Bathymetry map of Bremer offshore region.
Deep sea canyons south of Western Australia's Bremer Bay are a mecca for large marine life. Image: Geoscience Australia


Participants at the Bremer workshop.
Participants at the Bremer workshop.

This 'emerging priorities' project surveyed marine life across the Bremer offshore region, including Bremer Commonwealth Marine Reserve.

Some 70 kilometres south-east of Bremer Bay off southern Western Australia, a group of canyons etched into the slope of the continental shelf plunge from depths of 200 to more than 1000 metres. Above the canyons, pelagic wildlife aggregates in high numbers, including whales, giant squid, and seabirds. Seasonal orca concentrations here are unprecedented, with more than 100 individuals in the local population, many of which are regularly sighted. This profusion of visible and awe-inspiring marine life supports a thriving ecotourism industry, but little is known about the factors underlying the abundance and diversity.

A collaborative Marine Biodiversity Hub project led by University of Western Australia surveyed marine life across the region, both inside and adjacent to the Bremer Marine Park (AMP) which extends to the edge of the continental slope.  Knowledge gained during the 12-month project will support Australian Government decision-making to protect the environment and biodiversity and allow for sustainable use, and prioritise future research. This includes management decisions relating to the Bremer AMP, as well as the Albany canyon group and adjacent shelf break, which are identified as key ecological features in the South-West Marine Bioregional Plan.

Project components

A group of orca seen during aerial surveys.
A group of orca seen during aerial surveys. Image: Rebecca Wellard, Curtin University.


A workshop in late 2016 gathered the perspectives of scientists, managers and external stakeholders. The workshop built on a literature review, identified additional data sources and recommended research and management priorities.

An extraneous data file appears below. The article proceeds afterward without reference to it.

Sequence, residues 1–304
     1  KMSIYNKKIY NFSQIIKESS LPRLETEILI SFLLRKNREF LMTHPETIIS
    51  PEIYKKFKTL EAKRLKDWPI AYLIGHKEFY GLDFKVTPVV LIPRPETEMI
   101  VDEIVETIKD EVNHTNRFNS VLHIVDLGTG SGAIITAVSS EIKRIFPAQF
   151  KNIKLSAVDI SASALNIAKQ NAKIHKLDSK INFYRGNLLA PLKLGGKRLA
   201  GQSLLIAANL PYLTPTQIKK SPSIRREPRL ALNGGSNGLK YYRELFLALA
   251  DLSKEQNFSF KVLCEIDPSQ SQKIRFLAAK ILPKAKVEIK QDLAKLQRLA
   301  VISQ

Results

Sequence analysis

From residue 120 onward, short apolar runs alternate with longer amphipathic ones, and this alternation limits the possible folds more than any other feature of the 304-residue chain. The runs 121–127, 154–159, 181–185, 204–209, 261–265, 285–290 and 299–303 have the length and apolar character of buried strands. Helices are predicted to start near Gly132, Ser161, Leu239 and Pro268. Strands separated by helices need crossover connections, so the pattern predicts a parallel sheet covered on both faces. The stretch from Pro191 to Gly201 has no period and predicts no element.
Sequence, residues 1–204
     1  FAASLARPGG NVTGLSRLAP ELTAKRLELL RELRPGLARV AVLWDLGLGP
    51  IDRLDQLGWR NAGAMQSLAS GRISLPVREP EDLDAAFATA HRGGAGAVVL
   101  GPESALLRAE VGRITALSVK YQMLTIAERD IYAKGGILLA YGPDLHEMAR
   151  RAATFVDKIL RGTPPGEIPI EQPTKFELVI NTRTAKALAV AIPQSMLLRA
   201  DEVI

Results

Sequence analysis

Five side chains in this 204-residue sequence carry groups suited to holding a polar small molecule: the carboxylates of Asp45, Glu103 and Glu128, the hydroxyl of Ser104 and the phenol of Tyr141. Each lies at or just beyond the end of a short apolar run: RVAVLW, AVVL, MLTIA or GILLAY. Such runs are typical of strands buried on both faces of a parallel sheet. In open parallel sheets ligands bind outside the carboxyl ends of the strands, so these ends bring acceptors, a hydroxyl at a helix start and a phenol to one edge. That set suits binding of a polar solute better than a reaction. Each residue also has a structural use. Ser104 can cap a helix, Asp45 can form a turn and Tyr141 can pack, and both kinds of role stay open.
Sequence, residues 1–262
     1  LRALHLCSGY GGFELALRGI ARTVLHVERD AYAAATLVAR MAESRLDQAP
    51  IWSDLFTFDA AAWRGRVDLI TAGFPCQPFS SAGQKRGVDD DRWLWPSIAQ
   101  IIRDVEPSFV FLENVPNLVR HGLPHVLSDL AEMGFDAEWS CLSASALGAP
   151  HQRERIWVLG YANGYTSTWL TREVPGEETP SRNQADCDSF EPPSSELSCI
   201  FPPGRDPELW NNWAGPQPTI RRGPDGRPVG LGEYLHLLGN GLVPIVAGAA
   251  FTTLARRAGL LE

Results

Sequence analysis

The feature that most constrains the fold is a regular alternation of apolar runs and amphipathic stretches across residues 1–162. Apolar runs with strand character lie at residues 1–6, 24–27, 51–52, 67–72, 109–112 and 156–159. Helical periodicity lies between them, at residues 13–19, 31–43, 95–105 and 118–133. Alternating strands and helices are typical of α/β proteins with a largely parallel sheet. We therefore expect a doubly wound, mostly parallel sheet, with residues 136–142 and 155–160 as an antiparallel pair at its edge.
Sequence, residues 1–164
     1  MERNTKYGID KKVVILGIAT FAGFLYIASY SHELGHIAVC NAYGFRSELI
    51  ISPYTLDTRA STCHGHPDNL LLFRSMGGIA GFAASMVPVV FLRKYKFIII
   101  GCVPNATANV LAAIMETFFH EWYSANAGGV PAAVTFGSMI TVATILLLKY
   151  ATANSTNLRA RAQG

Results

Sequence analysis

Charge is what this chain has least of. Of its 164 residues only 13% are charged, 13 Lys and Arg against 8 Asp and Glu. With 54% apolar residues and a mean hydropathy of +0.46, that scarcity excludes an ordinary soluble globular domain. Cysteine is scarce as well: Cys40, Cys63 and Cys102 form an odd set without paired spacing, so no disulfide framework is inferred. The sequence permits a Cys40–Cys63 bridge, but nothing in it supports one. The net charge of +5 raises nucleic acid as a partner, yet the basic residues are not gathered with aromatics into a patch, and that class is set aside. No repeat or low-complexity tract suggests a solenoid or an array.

Orca aerial survey

Aerial surveys were conducted in March 2017 with two observers flying onboard a chartered aircraft. The survey team from Curtin University’s Centre for Marine Science and Technology and UWA recorded the occurrence and distribution of large marine wildlife along transects that crossed the Bremer AMP and known aggregation area. An additional survey focussed on the aggregation area. Sightings of marine megafauna included killer whales, sperm whales, long-finned pilot whales, large sharks and dolphins.

Long-finned pilot whales seen from the air at Bremer.
Long-finned pilot whales seen from the air at the Bremer offshore region. Image: Rebecca Wellard, Curtin University.

Pelagic fish survey

A 10-day mid-water baited remote underwater video systems (BRUVS) survey of the Bremer CMR and aggregation area led by UWA took place in FebruaryMarch 2107. One hundred BRUVS deployments documented the diversity, abundance and biomass of pelagic sharks and fishes.

A squid pictured by a mid-water baited remote underwater video system.
A squid pictured by a mid-water baited remote underwater video system. Image: UWA

Orca tagging

Attempts were made to tag adult orca to clarify their foraging habits and distribution both inside and outside the Bremer CMR. The tags, known as Low Impact Minimally Percutaneous External-electronics Transmitter (LIMPET) satellite tags, are attached to the dorsal fin of orcas (conditions permitting) by researchers form Marine Information and Research Group Australia. If successful, the tagging study will trace the animals’ fine scale movements and residency patterns, and yield deeper insights into foraging behaviour and diet through dive profile data. Existing data from acoustic surveys and orca sightings will help to identify patterns of orca distribution and behaviour in the aggregation area.

IMOS ocean glider deployment

An Integrated Marine Observing System (IMOS) Seaglider has been deployed in the Bremer offshore region since March 2017 for a six-week oceanographic investigation. After three weeks, the glider had made more than 150 ‘dives’ to depths of up to 1000 metres, measuring sea temperature, salinity and biogeochemical parameters along repeat, sawtooth transects. It has detected patterns in seawater temperature, salinity and oxygen content (see plots) that appear to indicate different water masses overlying the canyons.

The Bremer glider data and more information on IMOS gliders is available, and all IMOS data are freely available on the Australian Ocean Data Network Portal.

Sea temperatures recorded at Bremer by the IMOS Seaglider.
Sea temperature: Thinner layers of warm surface waters as the glider moves further offshore into deeper water suggest a reduced influence of the Leeuwin Current, which flows eastward along the continental shelf. Image: Australian National Facility for Ocean Gliders, an IMOS facility


Chlorophyll concentrations measured at Bremer by the IMOS Seaglider.
Chlorophyll: Chlorophyll a concentrations, a measure of the important phytoplankton at the base of the food chain, form a layer at approximately 50 m depth, but show a higher signal in the west of the transect. Image: Australian National Facility for Ocean Gliders, an IMOS facility


Oxygen concentratiosn at Bremer measured by the IMOS Seaglider.
Oxygen concentrations: The detection of lower oxygen levels below 600 m indicates the underlying Antarctic Intermediate Water mass, which may bring an important supply of nutrients to this region. Image: Australian National Facility for Ocean Gliders, an IMOS facility